ChrisJ Member Posts: 13,066
    @ethicalpaul true, but my question is really the difference in sizing a boiler by EDR or DOE Btu's.
    I can only go by what people say :sweat_smile:
    Which is the best way? The goal here is efficiency and fuel savings.
    I'd go with EDR. I sure like my Peerless

    I'll see that and match you with, I sure like my WM EG series.

     :D 

    Single pipe quasi-vapor system. Typical operating pressure 0.14 - 0.43 oz. EcoSteam ES-20 Advanced Control for Residential Steam boilers. Rectorseal Steamaster water treatment
    ethicalpaul
  • captainco
    captainco Member Posts: 644
    The DOE rating is based solely on a bogus combustion efficiency calculation. The net IBR or net AHRI rating is just a fixed deduction from the DOE rating, but neither is a actual measured delivery. You are better to use the lower rating when sizing the boiler.
    Because I had friends at the testing and certifying labs, I was given this information off the record.
  • ChrisJ
    ChrisJ Member Posts: 13,066
    captainco said:

    The DOE rating is based solely on a bogus combustion efficiency calculation. The net IBR or net AHRI rating is just a fixed deduction from the DOE rating, but neither is a actual measured delivery. You are better to use the lower rating when sizing the boiler.
    Because I had friends at the testing and certifying labs, I was given this information off the record.


    When I had a combustion analysis done and it said the efficiency was 84.9% at that time, was that bogus?
    Single pipe quasi-vapor system. Typical operating pressure 0.14 - 0.43 oz. EcoSteam ES-20 Advanced Control for Residential Steam boilers. Rectorseal Steamaster water treatment
  • The Steam Whisperer
    The Steam Whisperer Member Posts: 985
    The other thing to watch out for is that the boiler cannot provide the gross rating because the cycleguard shuts down the boiler periodically during continuous heat call. The loss in capacity ranges from about 7 to 10%.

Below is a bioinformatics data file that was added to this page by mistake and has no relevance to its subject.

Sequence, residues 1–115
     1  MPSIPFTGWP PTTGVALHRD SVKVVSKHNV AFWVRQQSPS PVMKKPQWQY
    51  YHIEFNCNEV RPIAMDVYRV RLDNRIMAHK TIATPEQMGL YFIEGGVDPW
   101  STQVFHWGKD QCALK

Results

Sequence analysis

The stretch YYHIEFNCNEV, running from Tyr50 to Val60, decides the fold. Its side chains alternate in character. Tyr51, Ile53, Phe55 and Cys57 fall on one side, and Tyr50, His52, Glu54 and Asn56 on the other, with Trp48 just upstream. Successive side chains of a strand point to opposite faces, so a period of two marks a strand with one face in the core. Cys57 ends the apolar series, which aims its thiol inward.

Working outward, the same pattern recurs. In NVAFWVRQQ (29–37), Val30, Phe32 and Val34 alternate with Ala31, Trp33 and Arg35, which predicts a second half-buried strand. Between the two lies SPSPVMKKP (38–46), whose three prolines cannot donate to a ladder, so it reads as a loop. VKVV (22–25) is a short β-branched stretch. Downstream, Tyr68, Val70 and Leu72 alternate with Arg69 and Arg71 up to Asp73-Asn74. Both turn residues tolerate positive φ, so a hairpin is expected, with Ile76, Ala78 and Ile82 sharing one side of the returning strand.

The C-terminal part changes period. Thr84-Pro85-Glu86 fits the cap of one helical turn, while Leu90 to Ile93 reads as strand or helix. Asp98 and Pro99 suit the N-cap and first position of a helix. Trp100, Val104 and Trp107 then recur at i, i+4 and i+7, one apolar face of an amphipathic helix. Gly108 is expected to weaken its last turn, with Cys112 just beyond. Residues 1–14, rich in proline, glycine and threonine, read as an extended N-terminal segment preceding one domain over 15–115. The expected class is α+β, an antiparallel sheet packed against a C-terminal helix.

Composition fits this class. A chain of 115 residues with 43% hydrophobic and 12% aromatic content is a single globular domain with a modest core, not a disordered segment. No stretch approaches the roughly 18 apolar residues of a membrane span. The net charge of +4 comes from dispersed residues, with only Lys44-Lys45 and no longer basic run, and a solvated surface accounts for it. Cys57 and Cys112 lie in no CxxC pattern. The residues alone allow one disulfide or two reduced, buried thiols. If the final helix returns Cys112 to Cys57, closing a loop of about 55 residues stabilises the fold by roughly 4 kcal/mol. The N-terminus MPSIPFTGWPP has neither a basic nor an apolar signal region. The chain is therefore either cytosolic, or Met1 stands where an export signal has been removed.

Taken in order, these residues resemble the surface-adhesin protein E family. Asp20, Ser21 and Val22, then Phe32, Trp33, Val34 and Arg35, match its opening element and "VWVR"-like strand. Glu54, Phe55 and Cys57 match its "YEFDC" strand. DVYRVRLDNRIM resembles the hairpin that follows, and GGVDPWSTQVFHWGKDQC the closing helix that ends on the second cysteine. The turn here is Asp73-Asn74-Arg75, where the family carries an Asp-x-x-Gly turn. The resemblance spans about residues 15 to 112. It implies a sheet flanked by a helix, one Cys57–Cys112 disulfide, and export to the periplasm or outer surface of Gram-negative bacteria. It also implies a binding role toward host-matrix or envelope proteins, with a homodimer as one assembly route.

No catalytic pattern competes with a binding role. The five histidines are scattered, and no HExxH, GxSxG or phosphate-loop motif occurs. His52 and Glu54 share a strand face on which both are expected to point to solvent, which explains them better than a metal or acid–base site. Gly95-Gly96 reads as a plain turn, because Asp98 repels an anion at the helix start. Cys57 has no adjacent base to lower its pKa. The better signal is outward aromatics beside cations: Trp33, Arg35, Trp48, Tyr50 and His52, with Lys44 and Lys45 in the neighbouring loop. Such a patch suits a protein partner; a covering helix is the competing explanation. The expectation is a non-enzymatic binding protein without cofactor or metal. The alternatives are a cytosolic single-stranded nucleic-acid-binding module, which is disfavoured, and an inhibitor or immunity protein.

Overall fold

To learn more about this professional, click here to visit their ad in Find A Contractor.
  • Jamie Hall
    Jamie Hall Member Posts: 19,144
    @The Steam Whisperer 's comment is quite correct: with one very important proviso. that is, the orifice sizes (or in the case of variable valves such as Hoffman or Dunham) the sizing is done for the heat wanted in the space, not the size of the radiation in the space. The effect will be that the radiation -- no matter how large it may be -- will only heat to a limited degree.

    If the radiation is significantly oversized with relation to the heat load of the space -- as is often the case when it has been possible to perform significant heat loss upgrades -- the results may be satisfactory. One does have to wonder if the resulting reductions in energy usage are due to the undersizing and orifices -- or due to the reduction in building heat load.
    Br. Jamie, osb
    Building superintendent/caretaker, 7200 sq. ft. historic house museum with dependencies in New England
  • captainco
    captainco Member Posts: 644
    ChrisJ - Absolutely bogus! Non-condensing automatically deducts 14%. O2 = 1% per 1%/
    6% O2 = 6% loss
    Flue temp = 1% loss for every 30 degrees higher than combustion air temperature. Assume a 370 degree gross flue temp. Combustion air = 70 degrees 370 minus 70= 300 degrees divided by 30 = 10%
    Analyzer may show 80+ but this is only 70%
  • The Steam Whisperer
    The Steam Whisperer Member Posts: 985

    @The Steam Whisperer 's comment is quite correct: with one very important proviso. that is, the orifice sizes (or in the case of variable valves such as Hoffman or Dunham) the sizing is done for the heat wanted in the space, not the size of the radiation in the space. The effect will be that the radiation -- no matter how large it may be -- will only heat to a limited degree.

    If the radiation is significantly oversized with relation to the heat load of the space -- as is often the case when it has been possible to perform significant heat loss upgrades -- the results may be satisfactory. One does have to wonder if the resulting reductions in energy usage are due to the undersizing and orifices -- or due to the reduction in building heat load.

    We have found a regular pattern that nearly all radiation installed between about 1905 and 1941 is 60% oversized for the load in buildings that have not had any improvements to reduce heat loss. About the only possible exception I have found is a large church that had radiation around double the heat loss. This system was originally a mechanical vacuum system and was probably designed for very quick recovery after set back. Also, it may have been designed to old SBI standards, which calculated much larger radiators. When you start adding in heat loss reductions due to improvements, existing radiators could be approaching double that needed to heat the building.